Once this poker-playing twosome got together, love and success were in the cards.

Phil Reher credits his wife, April Scott, with helping him learn how to play a mean game of cards. It makes sense. She has been a professional poker player for 10 years.

“She is the best poker player in the world,” says the 41-year-old Torrance computer software designer.

But it was Reher, not Scott, who walked away last weekend with $124,200 in prize money at the World Series of Poker at Banion’s Horseshoe Casino in Las Vegas. His wife, also one of 206 contestants in the low-ball poker event, folded two hours into the contest. Then she watched her husband for nine nervous hours before he emerged victorious.

“It was a miracle,” Reher says. “I have to emphasize you have to get lucky to win a tournament.”


The couple met about seven years ago at--where else?--a poker party at a private home. Even then, Reher displayed a knack for playing his cards right: He beat his wife at cards and impressed her with his demeanor to boot.

“He had a good sense of concentration and sense of discipline even in a home game,” Scott recalls. “And that is unusual.”

Two years later, they married. In the years since, Scott helped her husband learn some of the finer points of poker. And two months ago, Reher hit the big time for the first time. He won $22,000 in a low-ball tournament at the Bicycle Club in Bell Gardens. In low-ball poker, the lowest hand wins, with five-four-three-two-ace being the best possible combination.

Then came Vegas and the World Series of Poker, an annual affair with 16 different card games in all, including the low-ball tournament. For 11 hours Reher sweated it out. Three times he was down to his last chip but staged a comeback. Finally, with a hand of 10-nine-eight-six-four, he edged out Al Kudelka, a professional card player from Houston, to pick up the winner’s booty and a solid-gold bracelet.

Reher, who had to ante up a $1,500 buy-in to play, said he and his wife will use some of his winnings to pay for an Alaskan cruise they had been planning. Runner-up Kudelka, who took home $62,100 for his efforts, told casino officials he planned to spend his money on his girlfriend, Susan.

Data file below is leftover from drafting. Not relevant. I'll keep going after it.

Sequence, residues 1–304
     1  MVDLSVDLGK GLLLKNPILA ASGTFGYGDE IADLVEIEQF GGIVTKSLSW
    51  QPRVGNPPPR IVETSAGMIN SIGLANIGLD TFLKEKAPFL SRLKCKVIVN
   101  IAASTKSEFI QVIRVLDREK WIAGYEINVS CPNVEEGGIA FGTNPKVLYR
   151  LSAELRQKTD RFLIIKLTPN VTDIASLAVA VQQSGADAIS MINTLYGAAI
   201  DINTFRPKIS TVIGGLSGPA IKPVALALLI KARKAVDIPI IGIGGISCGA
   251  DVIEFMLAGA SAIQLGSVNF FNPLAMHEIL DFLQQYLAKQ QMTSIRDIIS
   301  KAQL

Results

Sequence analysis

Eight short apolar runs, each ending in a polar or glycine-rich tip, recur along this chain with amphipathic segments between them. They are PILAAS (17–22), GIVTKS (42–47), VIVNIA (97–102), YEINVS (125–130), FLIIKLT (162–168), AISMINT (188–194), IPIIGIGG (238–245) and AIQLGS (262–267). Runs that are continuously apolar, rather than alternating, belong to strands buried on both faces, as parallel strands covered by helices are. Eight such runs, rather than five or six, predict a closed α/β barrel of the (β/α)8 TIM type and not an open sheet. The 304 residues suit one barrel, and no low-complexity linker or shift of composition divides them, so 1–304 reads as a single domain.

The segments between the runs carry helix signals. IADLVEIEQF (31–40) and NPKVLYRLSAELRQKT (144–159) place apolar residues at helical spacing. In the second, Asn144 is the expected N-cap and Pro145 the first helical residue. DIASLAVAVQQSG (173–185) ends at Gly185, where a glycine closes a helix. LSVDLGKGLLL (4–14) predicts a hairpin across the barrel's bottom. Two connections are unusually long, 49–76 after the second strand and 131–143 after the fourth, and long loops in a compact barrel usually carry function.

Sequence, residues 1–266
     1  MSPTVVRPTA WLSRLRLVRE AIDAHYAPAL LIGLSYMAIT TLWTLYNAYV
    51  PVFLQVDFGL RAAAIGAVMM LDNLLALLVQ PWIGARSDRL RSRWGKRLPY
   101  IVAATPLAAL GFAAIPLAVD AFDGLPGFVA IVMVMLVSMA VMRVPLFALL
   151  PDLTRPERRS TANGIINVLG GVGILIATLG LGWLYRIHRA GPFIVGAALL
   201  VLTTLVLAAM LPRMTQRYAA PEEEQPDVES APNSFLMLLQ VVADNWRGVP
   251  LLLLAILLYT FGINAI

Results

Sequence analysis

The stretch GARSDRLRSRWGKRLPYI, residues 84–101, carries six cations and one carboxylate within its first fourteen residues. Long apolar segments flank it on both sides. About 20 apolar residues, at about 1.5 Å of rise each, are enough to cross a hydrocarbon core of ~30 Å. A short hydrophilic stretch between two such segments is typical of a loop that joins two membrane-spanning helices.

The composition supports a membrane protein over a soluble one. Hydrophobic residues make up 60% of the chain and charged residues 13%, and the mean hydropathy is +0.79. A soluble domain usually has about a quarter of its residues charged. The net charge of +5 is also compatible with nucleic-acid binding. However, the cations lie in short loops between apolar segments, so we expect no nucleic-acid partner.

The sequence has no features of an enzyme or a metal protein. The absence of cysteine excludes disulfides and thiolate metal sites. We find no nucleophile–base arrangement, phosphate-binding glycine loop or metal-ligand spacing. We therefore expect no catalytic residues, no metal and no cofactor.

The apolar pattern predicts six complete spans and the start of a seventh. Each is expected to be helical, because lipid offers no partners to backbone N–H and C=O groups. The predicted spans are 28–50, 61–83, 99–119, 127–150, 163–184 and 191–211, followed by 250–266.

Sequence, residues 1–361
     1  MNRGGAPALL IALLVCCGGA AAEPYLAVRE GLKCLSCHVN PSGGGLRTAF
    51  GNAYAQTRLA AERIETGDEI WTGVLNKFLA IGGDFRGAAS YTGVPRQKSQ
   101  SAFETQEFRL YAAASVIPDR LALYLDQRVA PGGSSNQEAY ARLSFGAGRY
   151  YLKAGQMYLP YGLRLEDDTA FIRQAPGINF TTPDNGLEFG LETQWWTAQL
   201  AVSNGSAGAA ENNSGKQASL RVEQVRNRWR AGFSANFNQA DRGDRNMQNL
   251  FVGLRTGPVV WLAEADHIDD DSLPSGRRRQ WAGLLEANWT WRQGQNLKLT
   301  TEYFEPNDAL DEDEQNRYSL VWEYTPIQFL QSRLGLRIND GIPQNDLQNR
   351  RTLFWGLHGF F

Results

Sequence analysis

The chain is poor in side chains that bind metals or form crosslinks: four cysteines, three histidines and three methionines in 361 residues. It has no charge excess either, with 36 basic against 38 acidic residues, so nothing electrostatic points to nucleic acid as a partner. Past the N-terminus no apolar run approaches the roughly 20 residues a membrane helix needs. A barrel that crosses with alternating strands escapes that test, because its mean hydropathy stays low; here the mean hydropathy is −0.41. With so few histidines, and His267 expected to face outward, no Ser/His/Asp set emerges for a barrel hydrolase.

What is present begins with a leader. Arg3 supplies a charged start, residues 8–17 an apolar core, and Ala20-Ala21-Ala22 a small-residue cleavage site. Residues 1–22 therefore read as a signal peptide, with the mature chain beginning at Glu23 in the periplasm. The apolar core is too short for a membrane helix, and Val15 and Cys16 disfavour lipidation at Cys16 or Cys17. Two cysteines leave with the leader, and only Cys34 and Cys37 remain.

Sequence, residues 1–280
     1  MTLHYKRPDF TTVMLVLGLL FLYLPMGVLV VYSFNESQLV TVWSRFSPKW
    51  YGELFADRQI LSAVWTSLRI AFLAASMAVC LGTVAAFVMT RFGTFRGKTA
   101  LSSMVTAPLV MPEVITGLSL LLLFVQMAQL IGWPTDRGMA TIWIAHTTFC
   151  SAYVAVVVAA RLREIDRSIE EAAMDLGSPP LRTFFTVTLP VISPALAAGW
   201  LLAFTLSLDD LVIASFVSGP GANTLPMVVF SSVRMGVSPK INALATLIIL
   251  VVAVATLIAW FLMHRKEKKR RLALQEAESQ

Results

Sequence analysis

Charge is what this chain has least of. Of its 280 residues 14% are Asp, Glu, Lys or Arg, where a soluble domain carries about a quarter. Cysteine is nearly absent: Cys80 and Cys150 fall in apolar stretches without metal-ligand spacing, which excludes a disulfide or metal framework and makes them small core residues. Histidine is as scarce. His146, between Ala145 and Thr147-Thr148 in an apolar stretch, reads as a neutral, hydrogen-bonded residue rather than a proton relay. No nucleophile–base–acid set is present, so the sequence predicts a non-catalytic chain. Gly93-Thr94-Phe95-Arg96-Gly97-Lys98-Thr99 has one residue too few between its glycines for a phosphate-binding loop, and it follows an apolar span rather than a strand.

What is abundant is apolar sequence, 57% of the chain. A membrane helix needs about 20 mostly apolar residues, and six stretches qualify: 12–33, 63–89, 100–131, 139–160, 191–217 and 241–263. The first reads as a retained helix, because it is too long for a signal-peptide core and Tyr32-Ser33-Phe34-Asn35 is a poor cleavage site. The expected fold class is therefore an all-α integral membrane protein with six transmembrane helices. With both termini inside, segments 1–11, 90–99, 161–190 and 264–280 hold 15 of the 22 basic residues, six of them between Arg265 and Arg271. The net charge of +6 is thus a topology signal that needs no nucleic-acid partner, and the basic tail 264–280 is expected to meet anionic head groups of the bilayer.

“Patience, money management, keeping your cool under adverse conditions,” Reher says when asked what it takes to be a good poker player. “It is no different than any other profession.”

As for Scott, well, there will be other tournaments. The 38-year-old says she has won three tournaments and numerous smaller ones during her career, which was launched indirectly when she took an avid interest in games of all types while growing up in the Midwest.

There are only a handful of professional women poker players in California, Scott says. She herself honed her poker skills by serving as a house player for seven years at local card clubs. House players receive a salary from the club and sit in on games when there are not enough players.

Scott says her poker-playing style is different from her husband’s. “I tend to play a little more aggressive game than my husband,” she says. “Either I go out quickly, or I go the duration and I win.”

As for how much money she has won during her career, Scott won’t say. She will say, however, that she and her husband, who is contemplating turning pro himself, have a nice home and no unpaid bills.

Do they ever get jealous when one does better than the other at poker? Scott says she doesn’t. After all, she notes, “the money goes into one pot.”